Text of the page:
Thursday, April 9, 2009

The First Cartoons on Television in Prime Time

When most people are asked what the first animated series on American network prime time television was, they will most likely say The Flintstones. As it turns out, they would be wrong. The Flintstones was not the first animated series to air in American prime time. In fact, it wasn't even the first animated series on American television aimed at adults. That honour would go to another series.

That series was CBS Cartoon Theatre. In 1955 Paul Terry, founder and owner of the animation studio Terrytoons, retired. He sold the studio (home to such characters as Mighty Mouse and the team of Heckle and Jeckle) lock, stock, and barrel to the Columbia Broadcasting System, even though 20th Century Fox would continue to distribute Terrytoon's theatrical shorts. CBS put Gene Deitch, late of UPA, in charge of the newly acquired studio. Deitch would not last long at Terrytoons, as he clashed with many of the studio's old timers, but he would breath new life into the studio. Namely, it was on his watch that a new animated series, "Tom Terrific," was created for the then young series Captain Kangaroo, as well as such characters as Gaston Le Crayon and Sidney the Elephant were created. Among the young talents he brought to the studio was Jules Feiffer.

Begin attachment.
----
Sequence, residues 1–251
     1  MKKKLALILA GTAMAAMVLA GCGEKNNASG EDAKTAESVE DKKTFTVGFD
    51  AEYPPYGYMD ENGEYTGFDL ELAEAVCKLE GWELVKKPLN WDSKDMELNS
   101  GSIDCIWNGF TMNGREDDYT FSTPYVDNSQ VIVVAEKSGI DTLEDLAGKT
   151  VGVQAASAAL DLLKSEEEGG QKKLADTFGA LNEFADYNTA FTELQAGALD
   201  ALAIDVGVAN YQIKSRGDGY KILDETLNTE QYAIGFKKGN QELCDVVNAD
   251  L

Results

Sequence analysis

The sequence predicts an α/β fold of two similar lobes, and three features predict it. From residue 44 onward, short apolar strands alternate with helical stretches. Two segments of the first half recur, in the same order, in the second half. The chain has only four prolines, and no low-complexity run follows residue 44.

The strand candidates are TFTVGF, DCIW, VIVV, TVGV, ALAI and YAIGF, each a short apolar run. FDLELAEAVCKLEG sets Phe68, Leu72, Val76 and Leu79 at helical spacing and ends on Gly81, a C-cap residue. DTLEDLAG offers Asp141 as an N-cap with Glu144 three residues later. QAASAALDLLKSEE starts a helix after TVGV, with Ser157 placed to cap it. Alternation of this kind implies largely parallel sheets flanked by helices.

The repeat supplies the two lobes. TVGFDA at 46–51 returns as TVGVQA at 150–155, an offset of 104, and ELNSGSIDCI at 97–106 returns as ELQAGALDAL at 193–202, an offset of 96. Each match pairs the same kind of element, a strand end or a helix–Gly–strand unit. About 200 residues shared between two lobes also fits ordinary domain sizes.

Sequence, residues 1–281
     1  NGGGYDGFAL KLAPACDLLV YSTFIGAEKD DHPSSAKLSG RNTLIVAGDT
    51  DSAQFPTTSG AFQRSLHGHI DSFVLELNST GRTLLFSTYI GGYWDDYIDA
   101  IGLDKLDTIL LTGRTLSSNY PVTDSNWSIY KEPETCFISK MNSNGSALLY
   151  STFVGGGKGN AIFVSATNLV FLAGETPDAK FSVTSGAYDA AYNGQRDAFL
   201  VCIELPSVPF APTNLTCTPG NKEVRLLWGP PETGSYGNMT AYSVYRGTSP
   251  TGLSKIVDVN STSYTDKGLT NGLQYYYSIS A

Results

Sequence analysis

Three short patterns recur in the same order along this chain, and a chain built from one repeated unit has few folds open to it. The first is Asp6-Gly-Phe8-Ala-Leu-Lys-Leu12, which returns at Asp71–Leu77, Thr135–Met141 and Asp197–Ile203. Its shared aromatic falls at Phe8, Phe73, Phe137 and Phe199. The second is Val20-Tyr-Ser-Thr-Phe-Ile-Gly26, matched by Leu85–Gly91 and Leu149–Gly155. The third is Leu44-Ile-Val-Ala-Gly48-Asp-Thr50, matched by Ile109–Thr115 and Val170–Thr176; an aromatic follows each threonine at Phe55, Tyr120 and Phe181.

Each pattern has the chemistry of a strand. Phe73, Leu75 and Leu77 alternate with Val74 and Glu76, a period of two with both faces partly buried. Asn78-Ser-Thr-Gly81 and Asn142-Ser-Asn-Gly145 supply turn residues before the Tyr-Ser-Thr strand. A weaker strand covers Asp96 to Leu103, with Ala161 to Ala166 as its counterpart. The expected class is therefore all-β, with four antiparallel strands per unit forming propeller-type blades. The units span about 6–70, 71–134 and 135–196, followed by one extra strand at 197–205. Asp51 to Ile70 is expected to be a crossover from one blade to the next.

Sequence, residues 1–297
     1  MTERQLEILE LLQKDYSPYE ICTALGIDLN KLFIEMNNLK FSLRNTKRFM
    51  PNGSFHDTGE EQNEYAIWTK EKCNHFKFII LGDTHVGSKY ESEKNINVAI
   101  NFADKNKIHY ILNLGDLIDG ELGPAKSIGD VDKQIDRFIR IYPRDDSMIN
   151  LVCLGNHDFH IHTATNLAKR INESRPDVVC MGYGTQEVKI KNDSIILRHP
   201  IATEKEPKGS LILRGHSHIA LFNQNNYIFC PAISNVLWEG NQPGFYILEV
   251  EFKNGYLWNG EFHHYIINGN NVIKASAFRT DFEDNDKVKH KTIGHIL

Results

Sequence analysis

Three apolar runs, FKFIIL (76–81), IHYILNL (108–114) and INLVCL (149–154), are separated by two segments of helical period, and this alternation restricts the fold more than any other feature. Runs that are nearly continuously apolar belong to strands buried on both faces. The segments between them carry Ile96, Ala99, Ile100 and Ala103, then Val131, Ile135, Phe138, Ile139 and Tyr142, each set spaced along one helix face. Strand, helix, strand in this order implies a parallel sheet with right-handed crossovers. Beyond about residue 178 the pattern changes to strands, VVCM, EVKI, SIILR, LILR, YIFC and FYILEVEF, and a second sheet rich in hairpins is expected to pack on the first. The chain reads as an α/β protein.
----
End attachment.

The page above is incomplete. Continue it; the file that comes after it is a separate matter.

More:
CBS itself would put the old Terrytoon theatrical shorts to good use. The first thing they did was to make history with the first Saturday morning animated series, Mighty Mouse Playhouse. Mighty Mouse Playhouse was essentially an anthology series consisting of Terrytoons' old theatrical shorts. It proved to be a roaring success. Not only did it pave the way for all Saturday morning cartoons to come, but it would last eleven seasons itself. It debuted on December 10, 1955.

Like Mighty Mouse Playhouse, CBS Cartoon Theatre was a collection of old Terrytoons shorts. Unlike Mighty Mouse Playhouse, it would not be successful. CBS was eager to capitalise on the success of ABC's Disneyland, so they created a somewhat similar show. CBS Cartoon Theatre was hosted by a young comedian named Dick Van Dyke, who hosted the show from an office setting not unlike Walt Disney on Disneyland. Van Dyke would interact with Terrytoons' various animated characters, such as Heckle and Jeckle and Gandy Goose, in the live action opening segments and bridge segments. The major difference in the formats of the two shows was that Disneyland primarily aired live action, while CBS Cartoon Theatre was purely an anthology of animated shorts. While CBS Cartoon Theatre marked the first time an animated series, albeit an animated anthology series made of previously released material, aired on network prime time television, it would not be a success. CBS Cartoon Theatre only lasted thirteen weeks and was not picked up for the fall. Apparently CBS Cartoon Theatre could not compete with Disneyland, not even in reruns. It debuted as a summer replacement on Wednesday, June 13, 1956 at 7:30 PM Eastern Time.